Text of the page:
Music, Family, and Grieving

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One of our hosts suffered a tragic loss this week – the loss of a child. Attending the funeral reminded me of some important things. First, that we (CIYH & LRN) are a community. Though we may not all share the same time and space, we are connected by our love of music.

I was reminded with hugs, with the selection of music, and with passionate words that music can be the thread that holds when it feels like our lives are unraveling. Carrie, the host, was unable to enjoy music for several days after the loss of her son. Then Woody Russell called, and reminded her that music is people, that music is love, and music is healing. They met because of house concerts. Then Carrie deliberately chose a song from Leslie Ellis to play during the service, because of the message, the memories, and the feelings from the house concert in June.

The funeral service was attended by a full room of friends and family. Many of these friendships were initiated or strengthened by the sharing of music in Carrie’s home. It was something to see and feel.

Music cannot replace what we lose. Music though, can hold us firmly in it’s rhythm, it can carry us with it’s sweet melodies, and it can anchor the words we hold most precious. Music will not be lost.

Thank you Carrie for letting me share this story, and for being part of our community.

$5 Discount if you check your phone at the door.

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My girlfriend runs a community acupuncture clinic. One of her biggest challenges is not putting pins into people’s bodies. It’s getting them to put away their phones during the treatment.

I have a similar challenge with phones. Is it possible to go to a concert without having the view eclipsed by phones… all night long? First, a few insults;

You:

  • are a terrible photographer
  • are even worse at video (horizontal, please)
  • are not missed because you are unavailable for 90 minutes
  • are never going to have your existential loneliness satisfied by a post, tweet, like, or share. If your life sucks, then the least you can do is enjoy the music.

Put the phone away. I’ll give you five bucks if I have to.

</rant>

Event Insurance for House Concerts

donation boxGreat to hear from you. The typical questions we get about insurance have to do with liability e.g. if someone slips and falls on your property.  I’ve never had someone ask about insurance that would be specifically about recouping damage to the home itself.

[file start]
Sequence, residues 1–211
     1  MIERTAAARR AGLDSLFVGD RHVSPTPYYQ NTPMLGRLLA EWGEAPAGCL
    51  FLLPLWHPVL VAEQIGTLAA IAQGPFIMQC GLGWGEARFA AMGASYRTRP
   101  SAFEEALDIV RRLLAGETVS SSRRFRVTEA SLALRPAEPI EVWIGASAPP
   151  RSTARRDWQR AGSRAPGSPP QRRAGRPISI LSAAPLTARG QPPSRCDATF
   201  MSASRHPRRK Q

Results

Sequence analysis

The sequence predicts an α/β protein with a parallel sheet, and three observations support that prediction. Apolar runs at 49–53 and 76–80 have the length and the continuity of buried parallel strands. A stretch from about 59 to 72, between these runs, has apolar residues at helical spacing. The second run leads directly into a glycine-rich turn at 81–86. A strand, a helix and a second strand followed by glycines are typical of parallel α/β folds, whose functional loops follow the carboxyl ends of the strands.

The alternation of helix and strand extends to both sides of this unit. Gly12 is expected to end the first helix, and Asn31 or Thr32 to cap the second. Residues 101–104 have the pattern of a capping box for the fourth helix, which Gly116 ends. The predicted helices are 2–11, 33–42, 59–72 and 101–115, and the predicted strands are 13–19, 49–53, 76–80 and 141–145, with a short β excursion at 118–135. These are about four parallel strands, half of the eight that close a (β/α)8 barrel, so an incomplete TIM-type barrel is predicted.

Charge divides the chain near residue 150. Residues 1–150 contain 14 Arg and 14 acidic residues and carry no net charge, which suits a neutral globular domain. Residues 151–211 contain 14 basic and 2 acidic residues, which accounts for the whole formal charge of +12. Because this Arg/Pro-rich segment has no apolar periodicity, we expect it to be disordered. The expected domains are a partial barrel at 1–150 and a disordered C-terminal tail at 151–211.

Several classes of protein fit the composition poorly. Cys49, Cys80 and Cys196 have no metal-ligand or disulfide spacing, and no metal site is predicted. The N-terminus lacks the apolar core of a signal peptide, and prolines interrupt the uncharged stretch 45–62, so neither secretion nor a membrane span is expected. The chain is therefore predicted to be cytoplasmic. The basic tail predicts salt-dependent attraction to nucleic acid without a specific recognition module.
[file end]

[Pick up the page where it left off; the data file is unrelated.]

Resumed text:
We have always discouraged hosts from keeping a percentage of donations, for a couple of reasons. One, to protect the culture of house concerts, which are an act of generosity. Enabling hosts to “cover expenses” is a slippery slope to acting like a commercial venue. We believe that house concert expenses are voluntary – you don’t have to provide booze, sound system, and catering… you can potluck, byob, and have artists bring what they need.

 

The second reason is legal. While there’s no case law on the matter*, we believe a host is on much firmer ground if 100% of donations go the artist. Anything else could suggest commercial activity in the home – which can violate homeowner’s insurance, zoning, and more.

 

Event insurance can range from $60-600 per event, and it’s fairly easy to shop around online for it. Here’s one. https://www.theeventhelper.com/
Hope this helps!
Fran

 

On Wed, Jun 21, 2017 at 12:35 PM, Beth Fizell-Jenkins wrote:
Begin forwarded message:

I’ve been working with a friend to do some house concerts at her home. She had a problem with the last show we did – she had a faulty faucet that someone accidentaly left on, and the sink overflowed and caused about $10K worth of damage to her house. Unfortunately she had an issue with her homeowners – didn’t realize that her deductible was outrageously high, but she just renegotiated and now it’s just $1000 which is much more reasonable.

She’d like to continue doing concerts, but she wants to make sure she’s protected, and she doesn’t want to pay out of pocket for supplies. Is there any kind of protocol – any way to get affordable insurance for the shows? Alternatively, I was thinking the host takes like 5 or 10% from the door of each show to fund an escrow account that the host can use to cover supplies, to cover damage or insurance, or to help pay expenses related to the concert series, that aren’t necessarily directly related to that night’s performance. Do you know anybody doing something like that?

When I ran shows, we always just paid the expenses out of pocket, but she’s a little concerned, and after the water damage issue she’s even more concerned. Wanted to get your thoughts on it.

Thanks,
B.

House Concert Picture Hunt!

House concert pic hunt.jpg
Do you have a concert photo that shows the warmth and appeal of house concerts? Does it have these basic qualities?
  • Good lighting
  • Smiles
  • Closeness

We want to show the joy of house concerts through our growing worldwide community. Over the next few weeks, we’ll like, love, and share your photos on Facebook, Twitter and Instagram, if they include the following two tags: #CIYH #HCpic

For our favorite pics, we may also offer you a social media shoutout and $5 for a fancy coffee or whatever! Upload, tag and share… as many photos as you like. Promotion ends June 30.

Thanks for being part of it! — Fran Snyder

Photo etiquette: Don’t make your camera annoying to people behind you! Sit near the back if you want to take pictures.